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Shifting alliances in South Asia

July 28th, 2016

By Kalyani Subbiah – Research Assistant

The traditional hesitancy of the United States to develop strategic ties with India rested on Cold-War alliances and the necessary partnership with Pakistan to combat terror in the Afghanistan-Pakistan region. However, with the rise of Daesh, the region has declined in importance and with it, the indispensability of a close partnership with Pakistan. This has resulted in a greater convergence of interests between the US and India, as the US seeks powerful allies against China. Meanwhile, US-Pakistan relations are on the decline as US pressure on Pakistan to battle terror groups increases.

During Narendra Modi’s visit to the US in early June, the US recognized India as a ‘major defence partner’ in a joint statement. However, an amendment to the National Defence Authorisation Act (NDAA-17) to “recognise the status of India as a global strategic and defence partner” (proposed by Senator John McCain) was defeated in the Senate because of opposition to modifying certain defence export regulations. Nevertheless, the declaration of India as a ‘major defence partner’ shows a significant shift in the traditional hesitancy on strategic ties with India. Further, the superior power of the US executive in shaping foreign policy means India and the US are likely to see growing ties and defence partnerships in the future. Many observers point to domestic factors in the US to explain the burgeoning relationship with India, including the growing clout of the wealthy NRI (Non-Resident Indian) population in the US and their increased lobbying in Capitol Hill, which is eclipsing the formerly formidable Pakistani lobbying apparatus that punched well above its weight to influence policy. India, the largest importer of arms in the world, is also a viable customer for US military equipment, sales of which will continue to grow substantially due to the outdated and inadequate state of Indian defence assets.

On the other hand, following the US drone strike that killed the Taliban leader Mullah Mansour on May 21st in Pakistani territory, relations between Pakistan and the US have reached new depths. This follows the parallel of tense US-Pakistani relations from 2011 to 2013, when the US conducted numerous ‘signature strikes’ – wherein targets are identified solely on the basis of ‘suspicious behavior’ – in Pakistani territory. The Pakistani military and civilian establishment regularly condemns drone strikes as an infringement of Pakistan’s territorial sovereignty, though some experts have expressed suspicion over Pakistan’s real role in the recent drone strike due to Mullah Mansour’s unwillingness to bring the Taliban to the table for the Pakistan-supported Quadrilateral Coordination Group peace talks.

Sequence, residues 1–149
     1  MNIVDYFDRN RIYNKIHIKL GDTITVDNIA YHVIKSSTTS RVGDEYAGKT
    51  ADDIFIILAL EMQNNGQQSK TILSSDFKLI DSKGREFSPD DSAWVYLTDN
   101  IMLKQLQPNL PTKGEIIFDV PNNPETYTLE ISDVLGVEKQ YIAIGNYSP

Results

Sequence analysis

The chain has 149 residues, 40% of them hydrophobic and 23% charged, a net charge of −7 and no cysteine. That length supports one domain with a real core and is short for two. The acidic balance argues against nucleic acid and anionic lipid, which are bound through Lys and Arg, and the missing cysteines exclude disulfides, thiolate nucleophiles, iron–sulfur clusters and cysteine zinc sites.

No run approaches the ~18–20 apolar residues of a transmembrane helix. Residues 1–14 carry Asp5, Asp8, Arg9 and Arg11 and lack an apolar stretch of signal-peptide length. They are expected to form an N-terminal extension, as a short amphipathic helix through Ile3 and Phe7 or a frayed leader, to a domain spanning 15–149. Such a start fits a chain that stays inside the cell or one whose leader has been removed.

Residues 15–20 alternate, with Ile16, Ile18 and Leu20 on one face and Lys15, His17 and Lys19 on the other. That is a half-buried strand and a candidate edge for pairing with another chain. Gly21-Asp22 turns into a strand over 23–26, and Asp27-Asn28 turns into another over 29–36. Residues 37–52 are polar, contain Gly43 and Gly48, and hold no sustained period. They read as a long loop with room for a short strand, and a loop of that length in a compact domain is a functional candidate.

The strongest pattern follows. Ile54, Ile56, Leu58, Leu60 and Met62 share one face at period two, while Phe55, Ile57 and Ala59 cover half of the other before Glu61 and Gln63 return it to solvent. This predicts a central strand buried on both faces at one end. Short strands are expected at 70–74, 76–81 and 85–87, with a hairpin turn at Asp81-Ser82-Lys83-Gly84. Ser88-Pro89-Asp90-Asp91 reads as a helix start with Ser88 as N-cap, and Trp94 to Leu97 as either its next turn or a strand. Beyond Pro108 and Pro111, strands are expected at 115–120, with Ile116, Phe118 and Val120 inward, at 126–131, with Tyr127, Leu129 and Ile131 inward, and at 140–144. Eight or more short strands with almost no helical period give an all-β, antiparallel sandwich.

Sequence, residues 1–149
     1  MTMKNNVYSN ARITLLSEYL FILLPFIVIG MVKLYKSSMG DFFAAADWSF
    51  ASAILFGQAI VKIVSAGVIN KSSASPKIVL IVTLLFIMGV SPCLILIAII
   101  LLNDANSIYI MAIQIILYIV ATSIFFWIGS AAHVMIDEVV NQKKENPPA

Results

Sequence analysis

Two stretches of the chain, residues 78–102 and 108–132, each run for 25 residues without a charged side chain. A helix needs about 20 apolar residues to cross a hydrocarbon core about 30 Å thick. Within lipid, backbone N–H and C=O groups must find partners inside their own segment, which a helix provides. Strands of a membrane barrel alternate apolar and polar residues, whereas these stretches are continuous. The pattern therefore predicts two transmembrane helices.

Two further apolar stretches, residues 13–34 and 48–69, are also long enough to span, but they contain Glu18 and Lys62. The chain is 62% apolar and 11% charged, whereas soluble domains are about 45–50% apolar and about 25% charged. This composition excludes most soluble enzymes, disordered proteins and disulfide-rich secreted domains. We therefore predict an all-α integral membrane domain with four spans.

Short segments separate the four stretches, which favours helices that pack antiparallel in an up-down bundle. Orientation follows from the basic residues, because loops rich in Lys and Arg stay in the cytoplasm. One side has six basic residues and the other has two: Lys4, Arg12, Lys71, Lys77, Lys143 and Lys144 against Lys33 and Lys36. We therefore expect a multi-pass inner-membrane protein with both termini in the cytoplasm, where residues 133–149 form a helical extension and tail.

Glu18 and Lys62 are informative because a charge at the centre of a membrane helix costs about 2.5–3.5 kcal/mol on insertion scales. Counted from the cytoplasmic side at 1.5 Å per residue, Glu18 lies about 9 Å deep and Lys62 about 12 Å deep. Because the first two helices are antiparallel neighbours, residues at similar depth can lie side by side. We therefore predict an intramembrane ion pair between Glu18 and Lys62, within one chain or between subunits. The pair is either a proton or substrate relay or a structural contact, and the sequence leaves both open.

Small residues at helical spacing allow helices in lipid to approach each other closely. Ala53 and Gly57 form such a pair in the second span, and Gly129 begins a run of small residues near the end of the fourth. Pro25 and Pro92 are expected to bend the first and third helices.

Despite protestations to the contrary, the Pakistani military continues to maintain close links with the Taliban as part of its ‘strategic depth doctrine’ (though the military denies its existence) wherein Pakistani troops can retreat to Afghanistan in case of a conventional attack from the eastern frontier with India – a withdrawal scenario that could become necessary due to the geographically ‘thin’ nature of the Pakistani state. Therefore, Pakistan views growing ties between India and Afghanistan with great suspicion. The Special US Representative for Afghanistan and Pakistan, Richard Olson, in a message directed at Pakistan, argues that Pakistan’s concerns over the role of India in Afghanistan are ‘overestimated’ and that India has only provided limited military and civilian aid to Afghanistan. Nevertheless, Pakistan’s concerns gain partial credence due to high tensions along the disputed Durand Line with its western neighbour Afghanistan. The Durand Line splits homogenous tribal territories between the two countries, which Afghanistan tends to claim for its own due to their greater similarity with the Afghan demographic. After Narendra Modi’s visit to Afghanistan, which was filled with bonhomie, Pakistan introduced passport and visa checks on the vital cross-border route at Torkham, effectively closing it to thousands of Afghans. While this is a legitimate concern on Pakistan’s part, given the free movement of terrorists and Taliban operatives across the border, Afghanistan was provoked because such a border checkpoint legitimizes the Durand Line, which it refuses to accept. This resulted in clashes on the border with four deaths and unified national uproar in Afghanistan, but since then the border has been reopened after bilateral talks. However, Pakistan has delivered its warning to Afghanistan.